FullSizeRender (35)

Riders paired up to practice basic self defense techniques at Claudia’s instruction. “We cannot afford to think ‘oh, it won’t happen to me.’ One of the names in the altar, was a young mom who just went for a walk to get medicine, and she never came home. Her body was found by the side of the freeway. We have to be prepared, because it can happen, unfortunately, to any of us.” As somber as the message was, everyone heard it loud and clear. Literally loud — one of the lessons had womxn shouting “NO” to practice using voice as a self defense tool.

FullSizeRender (33)

FullSizeRender (36)After we all learned how to get out of an attacker’s grip, a member of the Human Rights Alliance for Child Refugees and Families spoke about the horrible treatment of immigrant women and children in detention centers. The Ovas and their planning committee truly put together an incredible roster of coalitions and organizations to share their stories and inform us all; at every stop I felt better informed and called to action.

FullSizeRender (32)

Our final pit stop lead us to the always wonderful and providing R.A.C. (Revolutionary Autonomous Communities); they hosted us at their new location on  7th street, where we hungrily inhaled pizzas and tacos. Through donations and grassroots organizing, R.A.C. provides resources, opportunities, information, and support for those who need it most, and one truly cannot say enough about how powerful and necessary their work is. With the new space, they host L.A.Q.R. (Los Angeles Queer Resistance) yet another incredible coalition of radical thinkers/creators/resisters who spoke to us about their liberation work.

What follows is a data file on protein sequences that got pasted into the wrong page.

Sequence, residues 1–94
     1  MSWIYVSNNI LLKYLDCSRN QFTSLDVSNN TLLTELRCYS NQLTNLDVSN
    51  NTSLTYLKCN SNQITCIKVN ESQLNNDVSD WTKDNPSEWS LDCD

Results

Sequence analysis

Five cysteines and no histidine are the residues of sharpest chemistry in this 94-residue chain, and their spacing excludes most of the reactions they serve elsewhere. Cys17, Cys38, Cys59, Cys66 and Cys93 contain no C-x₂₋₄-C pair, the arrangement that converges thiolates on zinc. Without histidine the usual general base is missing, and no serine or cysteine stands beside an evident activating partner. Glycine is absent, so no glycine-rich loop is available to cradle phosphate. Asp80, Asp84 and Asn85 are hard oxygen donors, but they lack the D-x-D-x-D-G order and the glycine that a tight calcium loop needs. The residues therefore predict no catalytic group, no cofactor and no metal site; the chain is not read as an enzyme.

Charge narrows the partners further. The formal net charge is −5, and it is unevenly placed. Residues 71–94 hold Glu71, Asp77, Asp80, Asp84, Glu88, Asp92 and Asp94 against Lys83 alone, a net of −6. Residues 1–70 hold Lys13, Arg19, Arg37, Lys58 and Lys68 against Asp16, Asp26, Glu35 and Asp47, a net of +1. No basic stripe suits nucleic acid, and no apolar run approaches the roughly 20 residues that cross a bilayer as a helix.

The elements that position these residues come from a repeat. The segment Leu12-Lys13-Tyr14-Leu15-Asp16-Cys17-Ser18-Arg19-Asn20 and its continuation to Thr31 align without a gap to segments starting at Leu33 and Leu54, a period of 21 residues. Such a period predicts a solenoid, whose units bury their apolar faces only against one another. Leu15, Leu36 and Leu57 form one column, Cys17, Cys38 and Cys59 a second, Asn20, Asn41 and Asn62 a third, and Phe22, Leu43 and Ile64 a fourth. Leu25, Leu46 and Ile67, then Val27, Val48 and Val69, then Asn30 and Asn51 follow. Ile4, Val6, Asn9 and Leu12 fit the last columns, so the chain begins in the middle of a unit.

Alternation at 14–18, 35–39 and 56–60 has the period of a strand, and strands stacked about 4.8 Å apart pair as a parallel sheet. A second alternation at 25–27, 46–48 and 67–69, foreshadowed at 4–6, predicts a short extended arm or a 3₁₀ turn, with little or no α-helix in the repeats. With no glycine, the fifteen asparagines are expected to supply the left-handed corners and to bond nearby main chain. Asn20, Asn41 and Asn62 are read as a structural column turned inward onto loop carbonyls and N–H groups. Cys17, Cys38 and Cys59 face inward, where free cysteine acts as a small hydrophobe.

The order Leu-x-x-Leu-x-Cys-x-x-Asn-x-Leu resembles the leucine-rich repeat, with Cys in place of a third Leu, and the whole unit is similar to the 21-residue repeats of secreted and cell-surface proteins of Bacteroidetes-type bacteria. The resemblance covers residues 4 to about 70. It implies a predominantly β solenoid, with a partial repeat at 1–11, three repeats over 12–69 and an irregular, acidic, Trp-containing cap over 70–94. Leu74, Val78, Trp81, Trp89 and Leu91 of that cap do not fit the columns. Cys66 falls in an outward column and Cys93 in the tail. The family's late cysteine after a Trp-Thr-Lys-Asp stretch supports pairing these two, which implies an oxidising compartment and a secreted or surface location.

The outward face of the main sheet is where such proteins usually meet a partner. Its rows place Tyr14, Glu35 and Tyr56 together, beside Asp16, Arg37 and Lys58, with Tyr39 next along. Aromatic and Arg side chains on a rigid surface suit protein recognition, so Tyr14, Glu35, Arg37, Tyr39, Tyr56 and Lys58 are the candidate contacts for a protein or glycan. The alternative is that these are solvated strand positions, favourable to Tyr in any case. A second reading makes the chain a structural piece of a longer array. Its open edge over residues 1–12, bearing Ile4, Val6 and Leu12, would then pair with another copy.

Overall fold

FullSizeRender (41)

FullSizeRender (40)

It was past 11 by the time we left R.A.C.’s spot, but spirits were high as ever while we rolled through downtown. Perhaps the most ‘bougie’ leg of the ride, the Clit Mass horde wheeled past nightclubs and trendy bars whose patrons shouted both cheers and catcalls. It is fundamental to the idea of Clit Mass that the riders, as bikers and womxn, band together to publicly take up and reclaim space. And we very much did just that, riding past the multi-million dollar listings, a hundred womxn strong, whooping and shouting at the top of our lungs “Whose streets?!” “OUR STREETS!” The night air was electrified as all our voices joined together in calls of solidarity, empowerment, and sisterhood. Our strength was so palpable it felt as though nothing in the world could stop us (save for the occasional red light.)